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Getting Started

In 1992, the Vancouver International Airport Authority (YVR) developed a vision of itself for the future – what it would look like in 2010. As it embarked on a program of capital improvements, YVR initiated a parallel program of service improvement. One aspect of this initiative is the Customer Satisfaction Tracking Program that monitors, measures and benchmarks service performance. Passengers – the primary clients of YVR – are surveyed on a quarterly basis about their overall satisfaction with the airport services and facilities, and with specific services offered at YVR – from customs and immigration to parking to washrooms. As well, these clients are asked to identify their priorities for improvement. Service improvements are then based on this client feedback. With the use of a consistent survey tool over time, the organization has been able to benchmark its progress. The result of this client-centred approach to service improvement: client satisfaction has risen from 68 to 84 percent between 1994 and 1997.3

Overview of the Service Improvement Planning and Implementation Methodology – Four Questions and Nine Steps to Success

The Service Improvement Initiative applies to departments and agencies with significant direct service activities with Canadians. This Guide outlines a series of interconnected steps to take you on the path to increased client satisfaction (Figure 1). There are four key questions to answer, or groupings of steps. After each question, you should pause and re-evaluate progress before proceeding.

1. Where are we now? It all begins with understanding where the organization is now in terms of who are its clients and their current level of satisfaction. This involves two separate elements. First, an assessment to identify the key public services delivered by the organization and who the actual clients are (step 1). Second, the organization will determine the current levels of client satisfaction and expectations – as well as the client priorities for improvement for each of these key public services (step 2).

2. Where do our clients want us to be? In this stage, the organization establishes where its clients want the organization to be in the future. This starts with ensuring the mission statement of the organization includes a service vision (step 3). The organization must then decide how to improve Canadians' satisfaction with the delivery of key public services. Priorities must be developed (step 4) and standards and targets set (step 5).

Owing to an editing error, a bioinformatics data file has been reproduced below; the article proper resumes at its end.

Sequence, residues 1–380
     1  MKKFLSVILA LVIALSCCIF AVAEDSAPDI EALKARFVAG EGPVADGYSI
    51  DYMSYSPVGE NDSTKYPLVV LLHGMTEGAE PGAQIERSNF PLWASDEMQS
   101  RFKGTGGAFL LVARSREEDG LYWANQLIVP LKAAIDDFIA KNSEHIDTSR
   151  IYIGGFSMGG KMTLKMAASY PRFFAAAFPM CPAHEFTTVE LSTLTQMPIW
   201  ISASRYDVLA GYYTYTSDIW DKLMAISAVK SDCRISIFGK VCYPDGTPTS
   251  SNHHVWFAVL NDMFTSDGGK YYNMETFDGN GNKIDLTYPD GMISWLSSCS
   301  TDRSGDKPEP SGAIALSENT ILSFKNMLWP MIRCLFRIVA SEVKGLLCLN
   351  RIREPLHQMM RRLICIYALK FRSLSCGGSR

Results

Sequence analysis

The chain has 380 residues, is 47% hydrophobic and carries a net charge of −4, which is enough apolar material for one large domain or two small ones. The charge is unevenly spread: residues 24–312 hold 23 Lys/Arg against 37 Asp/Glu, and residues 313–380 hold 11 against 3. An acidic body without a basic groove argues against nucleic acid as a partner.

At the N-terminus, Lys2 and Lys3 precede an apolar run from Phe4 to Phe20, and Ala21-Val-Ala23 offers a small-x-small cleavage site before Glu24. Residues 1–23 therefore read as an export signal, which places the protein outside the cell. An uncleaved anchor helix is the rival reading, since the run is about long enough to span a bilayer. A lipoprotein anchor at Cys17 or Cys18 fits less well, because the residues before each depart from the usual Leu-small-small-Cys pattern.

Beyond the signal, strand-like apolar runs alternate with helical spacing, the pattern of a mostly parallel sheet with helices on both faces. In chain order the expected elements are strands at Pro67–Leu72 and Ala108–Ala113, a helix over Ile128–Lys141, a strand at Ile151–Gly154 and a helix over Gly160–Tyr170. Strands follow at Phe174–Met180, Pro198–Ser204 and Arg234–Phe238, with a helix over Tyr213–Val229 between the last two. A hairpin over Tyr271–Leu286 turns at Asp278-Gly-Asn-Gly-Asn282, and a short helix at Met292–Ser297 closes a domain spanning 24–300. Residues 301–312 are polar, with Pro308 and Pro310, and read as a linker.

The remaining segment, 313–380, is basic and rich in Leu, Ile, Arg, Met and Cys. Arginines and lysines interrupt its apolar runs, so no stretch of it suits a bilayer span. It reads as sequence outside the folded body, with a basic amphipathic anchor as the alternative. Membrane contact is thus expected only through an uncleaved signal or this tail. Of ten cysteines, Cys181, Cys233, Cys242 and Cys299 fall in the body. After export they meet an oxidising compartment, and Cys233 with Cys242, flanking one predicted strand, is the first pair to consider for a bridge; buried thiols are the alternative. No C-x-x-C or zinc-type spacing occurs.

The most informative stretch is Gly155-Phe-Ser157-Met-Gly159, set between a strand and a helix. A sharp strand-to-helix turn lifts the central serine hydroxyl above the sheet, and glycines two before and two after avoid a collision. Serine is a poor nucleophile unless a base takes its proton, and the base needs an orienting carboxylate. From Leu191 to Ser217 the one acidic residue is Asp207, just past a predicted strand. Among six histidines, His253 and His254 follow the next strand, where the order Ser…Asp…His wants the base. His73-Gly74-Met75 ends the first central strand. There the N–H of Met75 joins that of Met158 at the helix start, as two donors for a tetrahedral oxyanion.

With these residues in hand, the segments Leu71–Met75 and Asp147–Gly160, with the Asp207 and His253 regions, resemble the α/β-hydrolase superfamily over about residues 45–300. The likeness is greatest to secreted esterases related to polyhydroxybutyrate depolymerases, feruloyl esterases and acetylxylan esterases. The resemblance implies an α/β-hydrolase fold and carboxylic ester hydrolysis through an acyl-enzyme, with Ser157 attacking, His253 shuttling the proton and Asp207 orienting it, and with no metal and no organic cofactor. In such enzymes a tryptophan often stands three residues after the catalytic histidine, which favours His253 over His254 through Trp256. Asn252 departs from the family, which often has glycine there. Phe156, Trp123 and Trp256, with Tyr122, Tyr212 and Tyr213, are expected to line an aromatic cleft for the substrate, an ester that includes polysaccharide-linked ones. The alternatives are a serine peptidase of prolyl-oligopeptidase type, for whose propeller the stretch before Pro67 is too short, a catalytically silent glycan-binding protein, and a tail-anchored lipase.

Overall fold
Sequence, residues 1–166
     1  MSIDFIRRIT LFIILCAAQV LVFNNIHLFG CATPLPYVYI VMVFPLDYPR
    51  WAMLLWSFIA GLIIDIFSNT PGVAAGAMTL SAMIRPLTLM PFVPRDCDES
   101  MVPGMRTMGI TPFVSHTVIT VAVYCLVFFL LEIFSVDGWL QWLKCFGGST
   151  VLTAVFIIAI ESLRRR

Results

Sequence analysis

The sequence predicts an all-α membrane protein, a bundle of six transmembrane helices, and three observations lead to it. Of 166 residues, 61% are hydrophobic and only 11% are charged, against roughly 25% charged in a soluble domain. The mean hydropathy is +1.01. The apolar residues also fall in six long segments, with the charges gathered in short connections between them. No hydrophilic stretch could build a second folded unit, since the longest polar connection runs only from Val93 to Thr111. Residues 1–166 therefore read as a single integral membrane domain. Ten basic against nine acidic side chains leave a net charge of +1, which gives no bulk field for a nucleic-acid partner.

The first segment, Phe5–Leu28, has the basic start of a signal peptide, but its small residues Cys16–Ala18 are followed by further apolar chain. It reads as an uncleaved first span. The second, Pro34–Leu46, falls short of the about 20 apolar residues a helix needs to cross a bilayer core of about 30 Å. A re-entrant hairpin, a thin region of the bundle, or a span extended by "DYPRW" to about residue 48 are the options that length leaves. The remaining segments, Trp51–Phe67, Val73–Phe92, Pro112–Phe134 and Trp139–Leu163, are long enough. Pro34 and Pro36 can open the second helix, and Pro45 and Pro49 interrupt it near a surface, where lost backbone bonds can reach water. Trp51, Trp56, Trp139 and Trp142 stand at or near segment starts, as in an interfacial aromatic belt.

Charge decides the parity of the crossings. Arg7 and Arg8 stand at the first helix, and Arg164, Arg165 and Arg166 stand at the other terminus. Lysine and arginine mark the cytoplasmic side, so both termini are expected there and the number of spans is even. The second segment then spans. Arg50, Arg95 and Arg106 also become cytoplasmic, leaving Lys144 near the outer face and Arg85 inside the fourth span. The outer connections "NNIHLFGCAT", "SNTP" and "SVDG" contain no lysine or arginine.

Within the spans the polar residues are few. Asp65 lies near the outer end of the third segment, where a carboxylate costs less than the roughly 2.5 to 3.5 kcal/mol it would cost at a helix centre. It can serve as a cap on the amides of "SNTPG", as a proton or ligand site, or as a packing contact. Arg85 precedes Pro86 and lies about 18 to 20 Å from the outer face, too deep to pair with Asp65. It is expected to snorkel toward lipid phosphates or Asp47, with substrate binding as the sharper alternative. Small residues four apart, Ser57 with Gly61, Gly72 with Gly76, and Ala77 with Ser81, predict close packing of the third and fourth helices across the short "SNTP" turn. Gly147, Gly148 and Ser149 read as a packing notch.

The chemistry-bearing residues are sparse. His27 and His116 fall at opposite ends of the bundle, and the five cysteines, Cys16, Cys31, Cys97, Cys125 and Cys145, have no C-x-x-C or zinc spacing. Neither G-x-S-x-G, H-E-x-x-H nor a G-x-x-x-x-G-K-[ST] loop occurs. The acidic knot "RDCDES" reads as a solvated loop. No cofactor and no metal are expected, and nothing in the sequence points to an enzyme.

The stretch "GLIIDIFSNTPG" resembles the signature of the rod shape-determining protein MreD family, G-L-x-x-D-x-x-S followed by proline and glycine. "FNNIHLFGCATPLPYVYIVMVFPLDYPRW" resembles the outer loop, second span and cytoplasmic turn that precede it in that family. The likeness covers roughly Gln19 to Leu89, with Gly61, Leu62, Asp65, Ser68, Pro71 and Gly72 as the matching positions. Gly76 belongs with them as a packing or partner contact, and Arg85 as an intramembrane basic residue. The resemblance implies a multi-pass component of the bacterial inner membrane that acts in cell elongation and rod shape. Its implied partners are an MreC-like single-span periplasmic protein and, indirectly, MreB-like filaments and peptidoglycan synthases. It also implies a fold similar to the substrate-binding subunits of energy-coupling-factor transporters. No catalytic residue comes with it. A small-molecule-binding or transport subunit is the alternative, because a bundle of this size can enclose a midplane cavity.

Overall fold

3. How will we get there? In step 6, the organization determines how it will achieve this future state – in short, how it will get there. This involves the creation of a service improvement plan.

4. How do we make it happen? In the final stage, the organization looks at how it will make the improvements happen. The plan must be implemented (step 7) and monitored (step 8). Feedback must be sought from both clients and employees, with those findings assessed and used to reshape and improve the implementation plan. Finally, the organization should establish a staff recognition program that ensures the hard work that goes into improved service delivery is rewarded (step 9).

Together, these nine steps provide a path to higher client satisfaction. We'll look at each step, in turn, in the next nine sections, showcasing how public service organizations can improve client service and satisfaction.

Targeting Exercise – Identifying which Programs and Services to Include in the Service Improvement Initiative

An initial task to begin the Service Improvement Initiative will be to identify the key services for inclusion in the Service Improvement Initiative. Each department or agency embarking on service improvement will need to establish its priorities for applying the Service Improvement Planning and Implementation (SIPI) methodology. The following criteria are among those for use to identify programs and services included in the Initiative:

  • they reach a significant number or group of Canadians;
  • they are related to the top priorities identified by the Citizens First survey; and/or
  • involve direct interaction with Canadians at large, with business, or with significant groups or communities of Canadians.

Each organization should develop its own service improvement plan that is consistent with the government-wide Initiative and goes beyond it to meet the organization's particular needs. In addition, this Service Improvement Initiative should be progressively integrated into the planning and reporting activities of each organization, and reflected in the annual Report on Plans and Priorities and Departmental Performance Report, which are both submitted to Parliament.


Much has been written on leadership. Two notions are critical to the success of all change efforts. First, leaders must play a central role in setting the direction for the organization to ensure effective service improvement. Second, they must maintain sustained leadership throughout the initiative. Leadership is a cornerstone on which the service improvement process is based.

Leaders are responsible for overseeing implementation of the initiative. Specific steps leaders will take along the road to more satisfied citizens and clients may include:

  • Tailoring the government-wide, citizen-centred service delivery to the local level. That not only involves adapting it to the specific needs of individual work units, but also making the program's implementation seamless from "Clerk to clerk" – from the Clerk of the Privy Council to the clerk in the local field office.
  • Establishing a Service Improvement Team to begin planning.
  • Helping to identify key client groups and spearheading the feedback process by consulting with clients, citizens and staff.
  • For establishing base-line measures of satisfaction with the delivery of service.
  • Overseeing the establishment of a service improvement plan, including targets for improvement and systems to measure achievement using the Common Measurements Tool, so that satisfaction levels can be systematically improved.
  • Establishing service standards based upon client priorities and systems for measurement.